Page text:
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Will New York Observer‘s Embrace of Trump Turn Off Female Focused National Advertisers?

trumpobseNBC’s Billy Bush found out this past weekend, that being seen as enabling or supporting the worst of Donald Trump can have consequences.

In fact, one of the most striking aspects of election 2016 has been the media’s nearly unified response. Not the debate over coverage, or how much of it, which has been fierce, but the editorial pages — where media operations tell you what they really believe. Reliably Republican leaning media entities, have for the first time ever endorsed a Democrat, and not just any Democrat but Hillary Clinton. Others who never endorse any candidates are warning of the perils of electing Donald Trump. Now with the additional allegation against him, many prominent Republican women in media are coming out against Trump as well.

In fact, there seems to be only one, literally a single non-overtly political media operation, that is still behind Donald Trump: The New York Observer (if you know of another, let me know).

The reason for that is self-evident. Its owner and publisher Jared Kushner is not just a supporter of Donald Trump, he is also one of Trump’s top advisers and a Trump relative. Just this week in the wake of the now infamous audio tape leak, The Washington Post reported that the team Trump effort to put Bill Clinton’s accusers in the debate hall last night was, in large part, the brainchild of Kushner himself.

Kushner and the Observer, claim that Kushner does not get involved in coverage but apparently his own reporters don’t believe it. The endorsement and more importantly, the larger coverage of Trump has led to an exodus of reporters from the formerly storied publication.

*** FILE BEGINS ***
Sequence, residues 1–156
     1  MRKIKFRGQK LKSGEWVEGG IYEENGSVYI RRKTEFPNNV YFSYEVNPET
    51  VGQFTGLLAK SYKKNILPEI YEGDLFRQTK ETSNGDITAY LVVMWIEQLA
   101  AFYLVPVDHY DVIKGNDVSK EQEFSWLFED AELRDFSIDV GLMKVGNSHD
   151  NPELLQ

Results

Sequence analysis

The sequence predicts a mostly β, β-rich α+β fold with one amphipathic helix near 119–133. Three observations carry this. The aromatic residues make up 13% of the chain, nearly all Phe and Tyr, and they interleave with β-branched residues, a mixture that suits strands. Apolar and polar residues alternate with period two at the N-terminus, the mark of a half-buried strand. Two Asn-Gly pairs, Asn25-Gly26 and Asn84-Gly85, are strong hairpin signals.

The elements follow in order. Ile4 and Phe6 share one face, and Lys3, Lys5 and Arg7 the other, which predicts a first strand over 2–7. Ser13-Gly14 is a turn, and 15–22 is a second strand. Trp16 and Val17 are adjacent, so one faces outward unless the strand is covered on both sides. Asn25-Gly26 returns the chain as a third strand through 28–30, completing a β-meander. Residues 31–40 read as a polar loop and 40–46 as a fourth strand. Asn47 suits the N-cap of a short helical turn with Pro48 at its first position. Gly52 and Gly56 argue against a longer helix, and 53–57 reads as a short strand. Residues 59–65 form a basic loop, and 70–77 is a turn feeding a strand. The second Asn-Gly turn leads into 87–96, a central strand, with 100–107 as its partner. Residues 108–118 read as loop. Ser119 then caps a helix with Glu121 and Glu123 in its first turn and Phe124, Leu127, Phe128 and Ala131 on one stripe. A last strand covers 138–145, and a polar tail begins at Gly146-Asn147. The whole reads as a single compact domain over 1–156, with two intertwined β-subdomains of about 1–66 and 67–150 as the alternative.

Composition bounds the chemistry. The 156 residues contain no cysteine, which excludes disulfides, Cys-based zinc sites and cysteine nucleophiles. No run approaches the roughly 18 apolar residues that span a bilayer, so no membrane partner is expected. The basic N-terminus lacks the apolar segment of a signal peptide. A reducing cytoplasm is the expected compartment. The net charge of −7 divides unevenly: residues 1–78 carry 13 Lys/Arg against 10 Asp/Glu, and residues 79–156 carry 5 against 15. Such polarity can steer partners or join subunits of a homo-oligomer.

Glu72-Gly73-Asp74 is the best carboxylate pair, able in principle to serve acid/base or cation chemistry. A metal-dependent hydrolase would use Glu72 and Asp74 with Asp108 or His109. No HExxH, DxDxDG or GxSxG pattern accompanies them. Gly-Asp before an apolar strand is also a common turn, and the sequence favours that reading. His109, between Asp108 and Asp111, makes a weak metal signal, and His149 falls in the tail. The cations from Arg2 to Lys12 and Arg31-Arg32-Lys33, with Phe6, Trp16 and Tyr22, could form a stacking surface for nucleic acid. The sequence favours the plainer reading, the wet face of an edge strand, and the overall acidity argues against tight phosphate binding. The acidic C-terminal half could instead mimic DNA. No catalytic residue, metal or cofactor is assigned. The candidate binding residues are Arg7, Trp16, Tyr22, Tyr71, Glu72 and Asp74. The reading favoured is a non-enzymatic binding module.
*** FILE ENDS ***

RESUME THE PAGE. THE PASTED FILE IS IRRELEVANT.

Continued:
But, what about the all important advertisers? The Observer is supported by national brands which target women ranging from Neiman Marcus to Net-A-Porter and Nestle. Other larger companies like Microsoft, Verizon and Wells Fargo Bank also regularly partner with them.

“I think advertisers should definitely take these factors into consideration, especially those advertisers who have built their brands on platforms of social good.  I’m frankly surprised by those who have built themselves up on such platforms yet haven’t gone the extra step to speak out in such against such glaring misogyny and sexism,” Ann-Christine Diaz, creativity director at AdAge told Mediaite.

Sure one can argue that advertising with a media entity doesn’t mean you necessarily support everything they do but, according to Diaz, this could be an ideal opportunity for advertisers to take a stand.

“There are big brands who have gained plenty of support and love from consumers because they have taken a stand socially — such advertisers could strengthen their brand messages further and  prove their own authenticity by continuing to doing so at such a crucial moment in the country’s history,” she added.

Some brands may believe an association with Trump is a good thing. In this highly polarized world, however, companies will often be judged by the people with whom they will or will not do business and supporting Donald Trump, can, fairly or unfairly depending on your point of view, lead to consequences, particularly if women are your target audience.

This is an opinion piece. The views expressed in this article are those of just the author.

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